Sometimes buyers are confused when it comes to providing checks at various stages of the home buying process. The first check that usually is needed is one for the escrow deposit when the offer to buy a home is made. Sometimes this is called "good faith money". It is held by the title company, the real estate firm, or some other entity in a special escrow account. This check can be a personal check since there is usually time for the check to clear before the sale closes and everyone can be sure that the check is "good" well before the sale closes.
The second (and usually last check) that will be needed will be for your costs at the closing. These costs can include your down payment, financing fees, prorated taxes and HOA fees, prepaid insurance money, payment of surveyor's services, etc. Since this is being paid on the very day of closing, the title company or closing agent MUST be sure that the check is good. They can take no chances that the check will bounce for insufficient funds after the sale is closed and the property has been transferred. For this reason most closing agents and most purchase agreements will specify that the check brought to closing be a cashiers check, an official bank check, or an electronic transfer directly from the bank into the title company's account. If you show up with a personal check, it will not be accepted for the reason mentioned above. Make sure that the check is made out to the name of the closing agent, not the real estate agents or their companies. The sale of real estate is too important and the transfer agents must be sure that all is on the up and up and that no surprises will pop up in the future.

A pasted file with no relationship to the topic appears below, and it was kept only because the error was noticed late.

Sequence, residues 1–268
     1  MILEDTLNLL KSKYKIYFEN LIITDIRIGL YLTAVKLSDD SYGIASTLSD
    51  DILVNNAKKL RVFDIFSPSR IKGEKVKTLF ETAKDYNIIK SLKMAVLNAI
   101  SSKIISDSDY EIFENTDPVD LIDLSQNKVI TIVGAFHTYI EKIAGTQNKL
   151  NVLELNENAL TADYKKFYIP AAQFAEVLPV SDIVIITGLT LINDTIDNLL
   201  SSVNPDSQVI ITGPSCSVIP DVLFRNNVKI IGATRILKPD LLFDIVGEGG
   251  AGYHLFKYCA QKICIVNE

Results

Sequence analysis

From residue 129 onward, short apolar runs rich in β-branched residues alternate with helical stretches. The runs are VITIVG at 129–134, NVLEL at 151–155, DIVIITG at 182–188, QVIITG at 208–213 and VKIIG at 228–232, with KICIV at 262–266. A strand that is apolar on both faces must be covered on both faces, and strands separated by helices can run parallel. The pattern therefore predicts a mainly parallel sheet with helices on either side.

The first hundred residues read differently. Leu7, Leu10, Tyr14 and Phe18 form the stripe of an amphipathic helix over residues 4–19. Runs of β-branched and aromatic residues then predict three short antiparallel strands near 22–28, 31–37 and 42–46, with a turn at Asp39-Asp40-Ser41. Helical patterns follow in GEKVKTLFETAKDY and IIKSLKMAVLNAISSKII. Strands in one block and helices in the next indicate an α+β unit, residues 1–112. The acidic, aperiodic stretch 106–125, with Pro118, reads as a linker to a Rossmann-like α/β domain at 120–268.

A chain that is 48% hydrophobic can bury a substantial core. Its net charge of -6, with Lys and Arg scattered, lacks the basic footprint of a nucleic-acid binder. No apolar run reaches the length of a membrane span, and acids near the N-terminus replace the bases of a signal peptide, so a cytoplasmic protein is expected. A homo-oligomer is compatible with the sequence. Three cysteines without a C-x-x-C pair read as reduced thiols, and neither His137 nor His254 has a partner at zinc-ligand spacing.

So as you go through the home buying process ask questions of your real estate agent and make sure that when you get to closing you have the proper type of check and that it is for the correct amount.
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